Jim Greenwood: Lions rugby union player who became acknowledged as one of the game's leading thinkers

Click to follow
The Independent Online

He may never have coached an international side, but Jim Greenwood made a lasting influence on many of the world's leading coaches and became known as "Mr Rugby"in New Zealand. Acknowledged across the rugby union-playing world as one of the greatest thinkers on the game, his two books, Total Rugby and Think Rugby, became classic texts for coaches at all levels.

First published in 1968, Total Rugby was reprinted in 1978, 1985, 1992, 1997 and 2003 due to global demand. Sir Clive Woodward, a former student of Greenwood at Loughborough Colleges, wrote the foreword to the final reprint and has been a life-long devotee of his old coach.

"He [Greenwood] was well ahead of his time then [when Woodward was a student]... and 25 years later it [Total Rugby] is still the only book I regularly refer to," he wrote. In his autobiography, written after his England team had won the World Cup in 2003, Woodward added: "I went to Loughborough for one reason, to play my best rugby, and for one man, Jim Greenwood. If I was going to play for England, it made sense to go where the best coach was. No man has done more in our time to single-handedly transform the modern game of rugby."

Greenwood's distinguished playing career included 20 Scottish caps, nine as captain, and four Tests with the 1955 Lions. Yet arguably the greatest impact he had on the game was during his time as a lecturer and rugby coach at Loughborough. Among his many students during a golden period between 1968-79 were the 1997 Lions team manager Fran Cotton, Woodward, the current Scotland coach Andy Robinson and the Spain coach Ged Glynn.

Born and bred in Dunfermline, Greenwood read English at Edinburgh University before doing his national service in the RAF. Although dedicated to his home-town rugby club, and later Perthshire Academicals, he played for Harlequins, the RAF and Eastern Counties while doing his national service.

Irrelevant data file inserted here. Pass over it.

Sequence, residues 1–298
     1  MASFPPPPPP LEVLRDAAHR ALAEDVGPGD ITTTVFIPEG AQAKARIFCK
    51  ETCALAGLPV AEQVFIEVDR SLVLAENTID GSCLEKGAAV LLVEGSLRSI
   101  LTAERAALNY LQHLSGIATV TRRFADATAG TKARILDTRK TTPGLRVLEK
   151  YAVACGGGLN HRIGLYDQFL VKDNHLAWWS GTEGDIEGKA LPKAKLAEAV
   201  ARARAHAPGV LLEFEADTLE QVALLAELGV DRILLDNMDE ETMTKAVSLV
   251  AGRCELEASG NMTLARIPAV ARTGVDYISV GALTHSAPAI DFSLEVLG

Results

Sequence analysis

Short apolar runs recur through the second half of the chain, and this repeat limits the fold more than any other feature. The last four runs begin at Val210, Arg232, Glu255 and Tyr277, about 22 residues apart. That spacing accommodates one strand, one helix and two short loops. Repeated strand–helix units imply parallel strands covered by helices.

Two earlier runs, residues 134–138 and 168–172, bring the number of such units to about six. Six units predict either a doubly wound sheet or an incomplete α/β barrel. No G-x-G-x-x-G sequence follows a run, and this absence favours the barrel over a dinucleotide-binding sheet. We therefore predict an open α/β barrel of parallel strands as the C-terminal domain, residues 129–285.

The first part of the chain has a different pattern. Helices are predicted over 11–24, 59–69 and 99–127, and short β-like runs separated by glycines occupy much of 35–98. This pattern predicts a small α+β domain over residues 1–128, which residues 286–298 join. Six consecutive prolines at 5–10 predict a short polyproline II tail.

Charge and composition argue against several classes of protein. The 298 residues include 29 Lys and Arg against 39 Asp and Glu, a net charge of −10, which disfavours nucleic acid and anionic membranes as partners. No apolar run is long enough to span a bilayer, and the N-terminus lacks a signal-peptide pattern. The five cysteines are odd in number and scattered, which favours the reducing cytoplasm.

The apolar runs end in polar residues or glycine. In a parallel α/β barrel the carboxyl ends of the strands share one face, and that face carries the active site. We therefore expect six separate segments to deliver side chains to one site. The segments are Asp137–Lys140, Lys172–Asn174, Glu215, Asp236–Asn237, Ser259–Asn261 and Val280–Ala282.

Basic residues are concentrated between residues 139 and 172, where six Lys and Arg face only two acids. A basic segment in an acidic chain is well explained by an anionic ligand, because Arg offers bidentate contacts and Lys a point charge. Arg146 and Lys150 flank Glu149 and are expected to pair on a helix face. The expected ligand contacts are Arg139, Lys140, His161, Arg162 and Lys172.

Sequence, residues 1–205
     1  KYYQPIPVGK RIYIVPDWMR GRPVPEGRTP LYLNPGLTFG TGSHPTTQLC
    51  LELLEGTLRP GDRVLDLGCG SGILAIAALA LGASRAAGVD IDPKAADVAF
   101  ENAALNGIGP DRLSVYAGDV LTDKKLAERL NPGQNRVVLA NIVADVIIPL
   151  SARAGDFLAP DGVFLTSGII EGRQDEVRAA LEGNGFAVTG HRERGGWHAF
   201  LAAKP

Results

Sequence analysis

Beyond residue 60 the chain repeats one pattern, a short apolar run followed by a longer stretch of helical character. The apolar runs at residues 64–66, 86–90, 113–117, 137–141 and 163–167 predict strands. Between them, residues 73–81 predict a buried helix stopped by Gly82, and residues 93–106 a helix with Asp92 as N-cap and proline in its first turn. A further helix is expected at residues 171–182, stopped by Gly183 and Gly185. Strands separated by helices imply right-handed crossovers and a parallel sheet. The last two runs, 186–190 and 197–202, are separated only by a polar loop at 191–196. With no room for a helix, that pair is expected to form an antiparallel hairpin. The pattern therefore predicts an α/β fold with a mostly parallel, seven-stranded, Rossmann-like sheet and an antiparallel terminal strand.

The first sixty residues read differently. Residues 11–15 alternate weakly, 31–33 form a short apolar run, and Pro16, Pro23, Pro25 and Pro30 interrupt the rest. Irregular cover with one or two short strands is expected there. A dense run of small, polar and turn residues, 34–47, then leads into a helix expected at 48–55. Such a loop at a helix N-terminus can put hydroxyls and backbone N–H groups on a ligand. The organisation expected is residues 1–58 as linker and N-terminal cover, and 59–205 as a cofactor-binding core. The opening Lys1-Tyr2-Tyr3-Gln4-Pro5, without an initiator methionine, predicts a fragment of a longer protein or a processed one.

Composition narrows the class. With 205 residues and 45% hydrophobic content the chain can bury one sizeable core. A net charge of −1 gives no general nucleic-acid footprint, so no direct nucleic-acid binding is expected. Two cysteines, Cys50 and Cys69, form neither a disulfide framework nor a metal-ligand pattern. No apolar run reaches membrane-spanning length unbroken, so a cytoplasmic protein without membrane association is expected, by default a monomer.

He won his first cap as one of eight newcomers in a Scottish side that faced France at Murrayfield in January 1952 and lost 13-11. It would be three years before the 6ft 2in, fleet-footed back-row dynamo would appear in the Scottish side again.

In those wilderness years he faced the 1953 All Blacks for the North of Scotland at Aberdeen and returned to the Test arena with a bang at the age of 26 in irrepressible form. The early '50s were a terrible time for Scottish rugby and Greenwood's much-heralded return was as captain against the French in the opening game of the 1955 Five Nations series in Paris.

Although his side was beaten, Scotland ended a run of 17 successive defeats at Murrayfield in their next outing against Wales and then beat the Irish as well. His form at No 8 in that championship earned him selection for the 1955 Lions tour to South Africa, where he forced his way into the Test side as a flanker.

He appeared in 16 of the 25 matches played on that tour and scored tries in the first and fourth Tests against the Springboks. The Lions drew the series 2-2 and are still remembered as one of the greatest of all touring sides.

Greenwood returned to South Africa with the Barbarians in 1958 – he played 18 times for the guest side and also toured Canada with them in 1957 – and led Scotland to victory over the 1958 Wallabies. He also played for the combined Ireland/Scotland team against England/Wales in the 1959 Twickenham Jubilee match.

His career was brought to a premature end when he broke his collarbone against Ireland in 1959. He was 31, but lined up to make a second Lions tour to Australia and New Zealand that summer. He subsequently concentrated on his duties as a schoolteacher, taking over from the double Welsh Grand Slam captain John Gwilliam as the master-in-charge of rugby at Glenalmond College before stints at Cheltenham College and Tiffin. He then moved on to Loughborough.

"I was a teacher rather than a coach," he said in an interview. "I tried to get people thinking. I wanted each player to be his own coach, to encourage the player to expand their awareness, to find truth wherever it lay.All coaching is one-to-one: there'sa place for the motivational speech, but it's far more effective to talk to people individually."

He coached in Japan, Canada and the United States and was instrumental in launching women's rugby union in England. In 1998, he was one ofthe inaugural inductees into the National Coaching Foundation's Hall of Fame. Others honoured with him at the time were Sir Alf Ramsey, Ron Pickering and Frank Dick. They were in good company.

James Thomson Greenwood, rugby union player and coach: born Dunfermline 2December 1928; married Margot; died Dumfries 12 September 2010.